By purchasing gifts used, you can really stretch your money. The trick to buying used is to start early. In December, everyone is trying to find a good deal on something their kids will love. In August, you’re much more likely to find a great deal, as less people will be doing their Christmas shopping. You can buy local through sites like Facebook Market Place or Craigslist but don’t forget to look online. Often times, even with shipping, you can find items for much cheaper on Ebay than anywhere else.
Use these same sites to sell your old items that you don’t need anymore! You can even make $100 by the end of the week!
Wrap Every Single Thing:
Kids love ripping the wrapping paper off of gifts. Many times, they don’t even care abut what’s on the inside of the paper. The joy of ripping the paper carelessly brings just as much joy as the gift itself. One way to make sure that your kids don’t feel the lack of presents on Christmas morning is to wrap every single item. That includes anything in the stockings, no matter how small.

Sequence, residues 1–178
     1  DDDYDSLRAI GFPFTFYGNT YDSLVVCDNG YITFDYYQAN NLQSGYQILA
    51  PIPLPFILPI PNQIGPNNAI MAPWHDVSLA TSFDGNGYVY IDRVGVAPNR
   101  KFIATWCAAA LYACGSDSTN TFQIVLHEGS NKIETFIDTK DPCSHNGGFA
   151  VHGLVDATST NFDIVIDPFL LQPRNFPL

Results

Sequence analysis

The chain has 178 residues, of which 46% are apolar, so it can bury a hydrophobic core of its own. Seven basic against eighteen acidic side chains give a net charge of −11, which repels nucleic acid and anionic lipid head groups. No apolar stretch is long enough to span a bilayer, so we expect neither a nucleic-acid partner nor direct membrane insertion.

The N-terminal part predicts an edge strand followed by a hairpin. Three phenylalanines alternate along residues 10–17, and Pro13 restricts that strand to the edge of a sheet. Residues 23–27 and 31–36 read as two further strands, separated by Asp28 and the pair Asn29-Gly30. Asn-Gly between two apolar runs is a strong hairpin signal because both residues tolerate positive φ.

If you purchase a 4-pack of Hot Wheels for your son, open the package and wrap each package individually. The same idea can work with make-up kits, play sets, jewelry sets and anything else that has more than 1 piece.
Treat the Day Special:
Let’s face it: As parents, we set the mood for the day. If we wake up in a rush and act sad that there is no money for Christmas gifts, the kids will pick up on it. If we instead act excited about a new way to celebrate Christmas, they will echo our excitement. (This will definitely be harder with older kids, but they will come around.)
Prepare ahead of time to make the day extra special. You can make the day more fancy than usual (think heirloom tablecloth and the “nice” dishes for a grand dinner) or make it more relaxed (paper plates and donuts? Yes, please!) Light a candle, turn off all electronics and be present with your family. The kids will notice and truly enjoy the extra efforts you’ve put into making the day one to remember.
Even on the years when there’s no money for Christmas, you can still have an absolutely joy-filled day.
Don’t let the commercialism make you feel bad about your situation. Instead, take control of the situation and make it the best Christmas ever!